“Christ, the other guy’s corpse isn’t even cold yet, and they’re bringing in some other poor schmuck,” Arjun wanted to say. But that wasn’t in the script, so he stuck with, “Hello, I’m Arjun.”
“My oh my! Isn’t that just exciting!” cried Louise, clapping more than was socially acceptable for a moment like this. “I ain’t never met an Indian before. Say, you believe in re-in-carnation or whatever that stuff is?”
“I’m Presbyterian, you racist asshole,” Arjun wanted to say, but he decided to stick to the script. “Sure.”
“Well,” said Louise, setting down her purse on Mark or Mike or Marv’s old desk and pulling a handful of photographs from it, “I’ve got this old cat I just went and yanked off the side of the road. He’s an old gray monster.” She flashed a picture at Arjun, and Arjun only pretended to look. “Well, he’s only got one ear. Imagine! One ear.”
“Fascinating,” said Arjun.
“Well, get this. My old granddad, he had hearing loss! So I get this vibe, maybe this old cat here is my granddad, re-in-carn-ified. You catch my drift?”
“Fascinating,” said Arjun again, turning back to his desk.
“Say,” said Louise, plopping herself onto Mark or Mike or Marv’s squeaky old office chair, “the guy who drove my taxi, he was also Indian, you know.”
“Fascinating,” said Arjun a third time.
“Name was Va-roon or something like that,” mused Louise. “Varun. Arjun. Think there’s any relation?”
“Look, lady—Jesus Christ!” Arjun jerked around only to be taken aback by the 800 photos of three different cats Louise had managed to hang up in the thirty-five seconds this conversation had taken place in.
“Now, he said he was from some place. Baal Teemor or something. Someplace exotic,” Louise continued to muse. “It sounded so distant. So beautiful, you know? Like someplace out of a Bollywood flick. I’d like to go there. Where are you from, Arjun?”
“I’m from Cincinnati,” said Arjun, turning back to his desk and starting to dial a number.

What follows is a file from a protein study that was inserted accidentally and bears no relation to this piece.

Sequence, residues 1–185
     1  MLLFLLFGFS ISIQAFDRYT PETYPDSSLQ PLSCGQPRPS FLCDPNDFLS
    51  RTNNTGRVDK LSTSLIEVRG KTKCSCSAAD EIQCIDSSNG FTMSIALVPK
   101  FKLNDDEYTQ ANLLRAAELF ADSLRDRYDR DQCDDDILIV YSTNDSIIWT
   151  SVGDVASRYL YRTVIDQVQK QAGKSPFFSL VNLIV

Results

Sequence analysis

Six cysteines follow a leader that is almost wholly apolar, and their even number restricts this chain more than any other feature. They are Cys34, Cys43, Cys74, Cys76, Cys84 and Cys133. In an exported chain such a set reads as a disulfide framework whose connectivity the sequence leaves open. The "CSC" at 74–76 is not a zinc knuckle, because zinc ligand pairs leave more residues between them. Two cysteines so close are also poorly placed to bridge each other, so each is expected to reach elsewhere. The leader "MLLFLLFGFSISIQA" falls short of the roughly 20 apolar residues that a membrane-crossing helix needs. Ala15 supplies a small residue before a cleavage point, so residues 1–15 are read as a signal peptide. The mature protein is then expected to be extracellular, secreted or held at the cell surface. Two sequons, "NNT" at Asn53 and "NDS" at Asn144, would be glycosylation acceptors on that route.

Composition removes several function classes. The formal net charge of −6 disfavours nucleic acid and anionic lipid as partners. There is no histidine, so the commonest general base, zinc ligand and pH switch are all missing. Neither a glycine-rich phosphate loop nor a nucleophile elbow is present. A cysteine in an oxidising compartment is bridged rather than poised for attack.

“Seen-Seen Ati,” Louise sighed, the air of fantasy flowing through her voice. “Sounds wonderful. I can’t wait to go one day.”
“Of course,” said Arjun. Someone picked up the phone on the other end. “Good day, Sir.”
“I think I’m going to kill myself,” the voice on the other end of the call screamed. Arjun sighed and hung up the phone. Didn’t need to deal with that shit today.
“Hey,” said the fly. “I’m stuck in your nose. Help me out here.”
Arjun let loose a blast of air through his nostrils, and out flew the fly, skidding against the script and onto the faux wooden desk.
“Thanks,” said the fly. “You should die.” And he was skyborne again.
Arjun’s hand drifted to the handle of one of many rusted drawers his desk had been graced with. From it, he produced a small white bottle of pills. Swiftly, he spilled half the contents into his hand, popped them in his mouth, took a swig from his plastic bottle of store-brand water, and, within fifteen minutes, slumped over in his chair.
The fly buzzed circles around Louise.
“Hey,” said the fruit fly. “You should die.”
“Holy smokes, Arjun, would ya look at that, it’s a talking fly!” Louise brayed, slapping Arjun’s slumped-over body hard enough for it to fall to the floor with a muted thud. “Well, I’ll be, Arjun, look at you, napping on the job. Aren’t you ashamed of yourself?”
Steven Christopher McKnight is a senior Theatre Studies and Creative Writing major at Susquehanna University. He is primarily a playwright, but also experiments in memoir-essay and short fiction. Steven grew up homeschooled in Northeastern Pennsylvania where he cultivated a taste for the absurd and a distaste for Northeastern Pennsylvania. His current pastimes include browsing dank memes on the internet and crying over graduate school applications. Please be kind.